After meeting, I walked back down into town with Liam, an Irish chap who attends when he's staying in the area. As it was nice, he said he'd walk a little further and I decided that rather than walk through town, I'd walk with him around the path that runs alongside the river. The town route is a little shorter, but involves climbing a steep hill whereas the river walk is longer but flatter. We were back on the road, literally within sight of our house, when some neighbours appeared, accompanied by a big black dog.

"Do you recognise this dog," they asked. Neither of us did. "He's followed us all the way along the trail," they said and we couldn't make him go back.

We looked at the dog. It was big, friendly and black, with curly hair. He was wearing a collar with a tag that said, rather unhelpfully, "scan me."

"We'd better take him to the police station," I said.

The neighbours had a small child with them, so I volunteered to take the dog. Fortunately, I was wearing a belt which I could use as an improvised lead, so Liam, dog and I set off back over the footbridge and along the road to the police station, which turned out to be completely deserted. Why do problems always occur on a Sunday?

There was one of those speaker things with a button saying press. I pressed the button and a distorted voice said something.

"Hello, I said. "We have a stray dog here."

The distorted voice said something I couldn't catch.

"Sorry, you're breaking up," I said.

"You need the dog warden," the voice said, a little more clearly.

"I don't know the number of the dog warden," I replied.

Silence from the other end.

Liam and I waited in the hope that a number would be forthcoming.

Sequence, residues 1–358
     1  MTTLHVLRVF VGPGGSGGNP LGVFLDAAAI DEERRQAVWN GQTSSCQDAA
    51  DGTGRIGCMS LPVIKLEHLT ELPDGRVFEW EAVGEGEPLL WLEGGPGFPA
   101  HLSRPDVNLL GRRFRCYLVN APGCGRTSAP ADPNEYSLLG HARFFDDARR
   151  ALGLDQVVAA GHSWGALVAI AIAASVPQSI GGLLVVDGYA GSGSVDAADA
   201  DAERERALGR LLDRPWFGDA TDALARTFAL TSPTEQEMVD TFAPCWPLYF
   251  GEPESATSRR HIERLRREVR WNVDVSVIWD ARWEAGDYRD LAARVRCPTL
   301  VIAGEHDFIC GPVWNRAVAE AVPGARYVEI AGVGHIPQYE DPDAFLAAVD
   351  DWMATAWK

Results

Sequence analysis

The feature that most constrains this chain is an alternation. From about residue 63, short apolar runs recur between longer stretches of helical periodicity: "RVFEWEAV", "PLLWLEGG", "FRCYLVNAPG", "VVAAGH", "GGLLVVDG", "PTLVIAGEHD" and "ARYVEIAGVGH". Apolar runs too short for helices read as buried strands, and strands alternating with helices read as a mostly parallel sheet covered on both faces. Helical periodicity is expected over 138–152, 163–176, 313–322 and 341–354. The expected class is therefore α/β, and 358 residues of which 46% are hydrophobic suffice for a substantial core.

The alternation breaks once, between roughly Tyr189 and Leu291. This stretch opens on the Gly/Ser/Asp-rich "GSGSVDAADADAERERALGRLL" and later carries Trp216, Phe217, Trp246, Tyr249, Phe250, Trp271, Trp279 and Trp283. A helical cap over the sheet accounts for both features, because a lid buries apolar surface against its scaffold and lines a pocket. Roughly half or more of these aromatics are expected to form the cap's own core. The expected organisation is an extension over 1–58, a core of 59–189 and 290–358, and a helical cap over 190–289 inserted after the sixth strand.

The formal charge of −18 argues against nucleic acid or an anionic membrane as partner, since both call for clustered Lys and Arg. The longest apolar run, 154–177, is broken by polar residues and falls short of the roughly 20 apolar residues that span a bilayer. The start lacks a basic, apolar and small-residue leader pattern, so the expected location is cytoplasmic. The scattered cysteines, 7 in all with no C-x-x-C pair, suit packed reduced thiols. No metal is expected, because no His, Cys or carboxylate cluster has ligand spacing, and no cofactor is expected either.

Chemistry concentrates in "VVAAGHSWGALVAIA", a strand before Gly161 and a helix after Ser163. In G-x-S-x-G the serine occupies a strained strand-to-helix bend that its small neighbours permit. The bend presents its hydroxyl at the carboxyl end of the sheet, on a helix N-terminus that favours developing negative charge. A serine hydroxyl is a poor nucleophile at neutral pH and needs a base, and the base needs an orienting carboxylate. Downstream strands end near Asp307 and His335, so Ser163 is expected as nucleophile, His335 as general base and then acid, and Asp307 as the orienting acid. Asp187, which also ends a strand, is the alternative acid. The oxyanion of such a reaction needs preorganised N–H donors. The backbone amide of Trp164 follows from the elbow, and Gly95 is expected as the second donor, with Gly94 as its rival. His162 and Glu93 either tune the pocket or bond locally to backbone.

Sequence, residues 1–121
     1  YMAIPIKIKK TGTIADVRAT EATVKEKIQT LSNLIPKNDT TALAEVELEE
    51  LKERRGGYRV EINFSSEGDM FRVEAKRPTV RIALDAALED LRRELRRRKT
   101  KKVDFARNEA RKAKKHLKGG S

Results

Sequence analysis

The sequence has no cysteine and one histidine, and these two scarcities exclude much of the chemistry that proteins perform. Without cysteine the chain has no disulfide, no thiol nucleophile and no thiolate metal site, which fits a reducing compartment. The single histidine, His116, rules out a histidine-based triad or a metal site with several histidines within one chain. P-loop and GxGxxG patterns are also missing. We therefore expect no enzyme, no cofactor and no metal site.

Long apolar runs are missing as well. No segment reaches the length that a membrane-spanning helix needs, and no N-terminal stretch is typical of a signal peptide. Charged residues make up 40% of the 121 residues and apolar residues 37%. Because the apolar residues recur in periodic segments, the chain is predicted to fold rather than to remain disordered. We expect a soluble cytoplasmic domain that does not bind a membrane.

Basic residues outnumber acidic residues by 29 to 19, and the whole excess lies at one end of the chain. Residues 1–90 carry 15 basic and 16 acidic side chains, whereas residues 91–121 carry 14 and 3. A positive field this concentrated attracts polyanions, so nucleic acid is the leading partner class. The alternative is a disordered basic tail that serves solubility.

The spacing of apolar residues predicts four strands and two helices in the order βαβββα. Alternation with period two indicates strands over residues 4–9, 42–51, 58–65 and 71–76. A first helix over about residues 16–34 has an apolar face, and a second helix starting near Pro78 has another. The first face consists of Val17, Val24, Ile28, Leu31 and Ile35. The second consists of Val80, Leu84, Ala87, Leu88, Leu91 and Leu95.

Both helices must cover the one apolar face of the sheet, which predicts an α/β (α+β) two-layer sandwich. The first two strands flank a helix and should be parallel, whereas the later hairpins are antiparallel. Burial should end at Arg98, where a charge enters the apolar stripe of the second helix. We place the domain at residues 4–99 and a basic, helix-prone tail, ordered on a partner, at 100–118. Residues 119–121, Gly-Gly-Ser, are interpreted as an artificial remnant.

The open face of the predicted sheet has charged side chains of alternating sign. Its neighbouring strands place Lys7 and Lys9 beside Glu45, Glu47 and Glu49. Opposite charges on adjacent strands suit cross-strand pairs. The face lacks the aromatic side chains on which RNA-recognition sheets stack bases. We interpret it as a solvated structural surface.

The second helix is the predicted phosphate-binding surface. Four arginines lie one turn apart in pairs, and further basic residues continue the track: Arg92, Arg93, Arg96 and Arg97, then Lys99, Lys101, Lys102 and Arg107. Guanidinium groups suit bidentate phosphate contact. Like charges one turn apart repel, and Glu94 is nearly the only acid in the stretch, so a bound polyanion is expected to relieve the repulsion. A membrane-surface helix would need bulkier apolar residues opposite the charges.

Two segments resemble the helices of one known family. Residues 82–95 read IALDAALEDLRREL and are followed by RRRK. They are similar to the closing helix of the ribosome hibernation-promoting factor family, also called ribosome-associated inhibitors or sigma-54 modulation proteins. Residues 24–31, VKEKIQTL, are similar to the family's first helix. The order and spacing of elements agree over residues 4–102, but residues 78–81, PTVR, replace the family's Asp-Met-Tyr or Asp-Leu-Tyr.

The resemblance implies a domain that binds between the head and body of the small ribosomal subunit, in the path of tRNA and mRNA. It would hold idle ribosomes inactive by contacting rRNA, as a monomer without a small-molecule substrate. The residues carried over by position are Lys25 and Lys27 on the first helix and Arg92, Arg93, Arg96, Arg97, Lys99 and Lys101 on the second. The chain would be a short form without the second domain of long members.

Then I saw a sign on the window saying "stray dogs" and a phone number. I tried the phone number but only got a message saying that no one was on duty before being put through to the council switchboard. I attempted to negotiate the computer menu and pressed 3, which I thought was the right number, but ended up talking to someone from Welsh Water. I apologised and hung up.

Then I did what I should have done in the first place and took the dog along to the vet's surgery. I was fully expecting that it would be closed and that I'd have to phone someone to get either the dog warden's number or for one of the staff to come to help, but it was open! A very helpful young woman invited us in and a young man scanned the dog and discovered that it lived in town. So that explained why the neighbours hadn't been able to send it back, it was trying to return home!

Thankfully, all the details were up to date and the young man phoned the owner. "Have you lost Coda?" he asked. The person at the other end must have said no because the young man then said, "Well, you have lost Coda because he's here."

So the story had a happy ending and I managed to get home only an hour late with the dog safely left in the care of the vet.

Current Mood: relieved relieved

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I'm getting a bit behind with posting my weekly challenge photo. I actually thought that I'd have to go off-topic last week, then, finally, last Friday, we had some sunshine. Unfortunately we had people coming that day to cut down a couple of big trees in our garden, so I couldn't go anywhere and you'll have to put up with the view from my study window.

A sunny day at last!

This week was more varied than last week. We've had brief sunny intervals intermingled with sudden downpours, days of continual rain and some high winds, but no tornadoes, thankfully, though one did pass about 30 miles south of us. However, I am glad the two big trees have gone. We've been worried about them for the past few winters and a big branch came down off the one in the back garden last Christmas. If we're going to have a windy winter, I'd rather not have the additional worry of branches and trees falling.